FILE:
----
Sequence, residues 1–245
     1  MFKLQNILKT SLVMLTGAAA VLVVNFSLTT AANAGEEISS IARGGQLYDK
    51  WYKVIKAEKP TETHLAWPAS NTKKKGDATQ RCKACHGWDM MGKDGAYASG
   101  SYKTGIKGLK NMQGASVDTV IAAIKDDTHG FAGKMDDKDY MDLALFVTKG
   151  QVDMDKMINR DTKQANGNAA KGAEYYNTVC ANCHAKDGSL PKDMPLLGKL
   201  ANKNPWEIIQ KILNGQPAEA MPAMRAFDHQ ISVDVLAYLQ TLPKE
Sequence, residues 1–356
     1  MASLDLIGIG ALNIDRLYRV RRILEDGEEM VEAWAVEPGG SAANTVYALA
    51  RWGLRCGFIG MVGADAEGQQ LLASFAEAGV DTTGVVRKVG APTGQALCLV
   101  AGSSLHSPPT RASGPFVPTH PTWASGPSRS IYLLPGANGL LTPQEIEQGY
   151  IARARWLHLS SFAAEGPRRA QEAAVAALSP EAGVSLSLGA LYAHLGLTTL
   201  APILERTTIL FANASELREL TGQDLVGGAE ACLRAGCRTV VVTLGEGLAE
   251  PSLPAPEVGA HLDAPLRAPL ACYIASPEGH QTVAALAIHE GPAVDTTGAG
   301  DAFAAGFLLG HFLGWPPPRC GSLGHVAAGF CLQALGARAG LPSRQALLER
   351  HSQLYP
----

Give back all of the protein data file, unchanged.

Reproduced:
Sequence, residues 1–245
     1  MFKLQNILKT SLVMLTGAAA VLVVNFSLTT AANAGEEISS IARGGQLYDK
    51  WYKVIKAEKP TETHLAWPAS NTKKKGDATQ RCKACHGWDM MGKDGAYASG
   101  SYKTGIKGLK NMQGASVDTV IAAIKDDTHG FAGKMDDKDY MDLALFVTKG
   151  QVDMDKMINR DTKQANGNAA KGAEYYNTVC ANCHAKDGSL PKDMPLLGKL
   201  ANKNPWEIIQ KILNGQPAEA MPAMRAFDHQ ISVDVLAYLQ TLPKE
Sequence, residues 1–356
     1  MASLDLIGIG ALNIDRLYRV RRILEDGEEM VEAWAVEPGG SAANTVYALA
    51  RWGLRCGFIG MVGADAEGQQ LLASFAEAGV DTTGVVRKVG APTGQALCLV
   101  AGSSLHSPPT RASGPFVPTH PTWASGPSRS IYLLPGANGL LTPQEIEQGY
   151  IARARWLHLS SFAAEGPRRA QEAAVAALSP EAGVSLSLGA LYAHLGLTTL
   201  APILERTTIL FANASELREL TGQDLVGGAE ACLRAGCRTV VVTLGEGLAE
   251  PSLPAPEVGA HLDAPLRAPL ACYIASPEGH QTVAALAIHE GPAVDTTGAG
   301  DAFAAGFLLG HFLGWPPPRC GSLGHVAAGF CLQALGARAG LPSRQALLER
   351  HSQLYP